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Northumbria professor named president of global auditory display organisation

24th August 2022

A researcher from Northumbria University has been appointed president of a prestigious international institution.

Professor Paul Vickers, an expert in computer science and sonification – otherwise known as the use of audio to communicate data – has taken up his new position at the International Community for Auditory Display (ICAD).

ICAD fosters fundamental research in, and helps individuals and companies to, explore practical applications of converting data into sound and communicating information via sound.

The real-world impact of these applications is wide-ranging, from helping visually impaired people to assimilate data to monitoring threats and network traffic at a security operations centre.

Appointed by the ICAD board for a three-year term, Professor Vickers will work with academics and organisations to conduct and present research on the use of sound to display and communicate data, monitor systems in real time, and improve user interaction with computers and virtual reality systems.

The research also encompasses perceptual issues related to auditory displays as well as technologies that can support the creation of these displays.

Under his leadership, the ICAD will host a variety of activities, events and conferences that will bring together a wide range of academics and organisations with an interest in this field of work, from researchers and scholars to engineers, mathematicians, psychologists, musicians and physicists.

Ultimately, the aim is to increase awareness of the use of auditory displays and to facilitate the forging of new interdisciplinary collaborations that explore the dynamics between data and sound to find practical solutions to real-world challenges.

Professor Vickers, who is a Professor of Computer Science and Sonification in Northumbria’s Department of Computer and Information Sciences and was previously a board member at ICAD, said: “I’m delighted to have been elected as president of this important organisation. I’m looking to extend ICAD’s network of contacts and to reach out to other people and organisations who are doing work in this multi-disciplinary and interdisciplinary field.

“The challenge is to encourage different disciplines to collaborate on common problems so we can co-inform each other’s research and understanding of this important area of work. The human hearing system has an amazing ability to separate and identify several sounds at once, whereas with vision we can only look and attend to one thing at a time. This offers the potential for us to use the medium of sound to assimilate and communicate several streams of data simultaneously.

“This can generate positive impact in several ways – for example, helping visually impaired people with finding their way around and gaining knowledge of unfamiliar environments, or helping pilots to assimilate much more data and gain greater intelligence about their aircraft’s performance, environment, and possible threats in real time.”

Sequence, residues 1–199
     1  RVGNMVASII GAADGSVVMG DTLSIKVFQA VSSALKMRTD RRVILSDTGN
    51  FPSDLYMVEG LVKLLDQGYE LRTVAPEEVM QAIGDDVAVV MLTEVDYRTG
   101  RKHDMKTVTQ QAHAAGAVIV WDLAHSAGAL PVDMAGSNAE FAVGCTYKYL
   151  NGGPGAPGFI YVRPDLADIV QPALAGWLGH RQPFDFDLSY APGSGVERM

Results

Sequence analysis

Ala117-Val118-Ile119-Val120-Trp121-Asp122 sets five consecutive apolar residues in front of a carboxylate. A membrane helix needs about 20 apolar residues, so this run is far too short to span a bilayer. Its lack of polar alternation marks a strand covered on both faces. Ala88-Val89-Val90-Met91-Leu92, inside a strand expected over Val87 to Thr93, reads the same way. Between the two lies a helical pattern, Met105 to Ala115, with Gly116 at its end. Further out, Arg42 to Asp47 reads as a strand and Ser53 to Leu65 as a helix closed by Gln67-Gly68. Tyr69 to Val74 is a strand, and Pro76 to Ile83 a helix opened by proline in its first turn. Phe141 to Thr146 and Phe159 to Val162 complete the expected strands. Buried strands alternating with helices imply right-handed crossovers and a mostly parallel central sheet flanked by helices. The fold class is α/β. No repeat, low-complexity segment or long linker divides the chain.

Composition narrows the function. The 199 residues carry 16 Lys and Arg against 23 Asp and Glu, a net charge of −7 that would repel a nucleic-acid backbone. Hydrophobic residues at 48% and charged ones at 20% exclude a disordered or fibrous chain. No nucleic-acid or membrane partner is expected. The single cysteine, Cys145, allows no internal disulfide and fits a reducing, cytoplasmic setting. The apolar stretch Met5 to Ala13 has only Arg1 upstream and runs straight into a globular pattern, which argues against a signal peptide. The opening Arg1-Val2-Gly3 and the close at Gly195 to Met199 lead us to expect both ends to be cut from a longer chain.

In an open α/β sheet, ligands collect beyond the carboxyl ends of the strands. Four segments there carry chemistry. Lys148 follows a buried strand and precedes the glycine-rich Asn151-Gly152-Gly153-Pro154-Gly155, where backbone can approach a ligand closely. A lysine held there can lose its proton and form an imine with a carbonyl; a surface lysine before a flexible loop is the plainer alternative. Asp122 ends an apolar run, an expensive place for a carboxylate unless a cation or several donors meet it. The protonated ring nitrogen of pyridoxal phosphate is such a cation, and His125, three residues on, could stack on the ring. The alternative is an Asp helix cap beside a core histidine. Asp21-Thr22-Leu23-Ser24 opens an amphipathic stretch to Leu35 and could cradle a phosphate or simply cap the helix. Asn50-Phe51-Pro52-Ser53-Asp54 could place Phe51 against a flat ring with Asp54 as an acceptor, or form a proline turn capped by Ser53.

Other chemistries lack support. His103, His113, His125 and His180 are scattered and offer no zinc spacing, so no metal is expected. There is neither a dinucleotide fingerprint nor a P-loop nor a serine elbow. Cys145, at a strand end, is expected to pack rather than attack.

Professor Martyn Amos, Acting Head of Northumbria’s Department of Computer & Information Sciences, said: “The appointment of Professor Vickers as president of ICAD is well-deserved international recognition for his expertise in the fields of computer science and sonification.

“These are areas of top-quality research here at Northumbria and we look forward to helping ICAD and its partners explore the synergies between data, sound and computer science to tackle key societal challenges.”

Professor Vickers has worked at Northumbria’s Department of Computer & Information Sciences for more than 20 years and specialises in a range of areas including sonification and auditory display, network security, cyber security and situational awareness, and computing and music.

He is currently working on a three-year project to develop a fundamental understanding of the relationship between sonification design and the listener, and to create a revitalised agenda for sonification research and practice. Ultimately, the aim is to formulate a new framework for successful sonification design which, in turn, has the potential to help sonification become more widely used in practical situations.

Professor Vickers said: “If you look around the world at sonification clusters, there aren’t that many.  Most sonification work tends to be carried out by individuals working in silo at various universities. Eventually I’d like to create a sonification hub at Northumbria, and in the city of Newcastle, by collaborating and sharing research with other key partners in this field.”

Northumbria is renowned for its outstanding research in computer sciences and informatics, which was ranked 12th in the UK for research power in the Research Excellence Framework (REF2021). Almost all of Northumbria’s research in this area was rated world-leading or internationally excellent.

The University also hosts a multi-disciplinary group, Northumbria Social Computing (NorSC), which represents and disseminates emerging work in the human-centred aspects of computer science, including human-computer interaction (HCI), digital living and social informatics.

Members of this group are interested in critically understanding the role and implications that computer science has in delivering future socio-digital systems and supporting future digital lives. They have collaborated on projects worth more than £6m and their work has been funded by Innovate UK, the Defence Science and Technology Laboratory, national research councils and several UK companies. 
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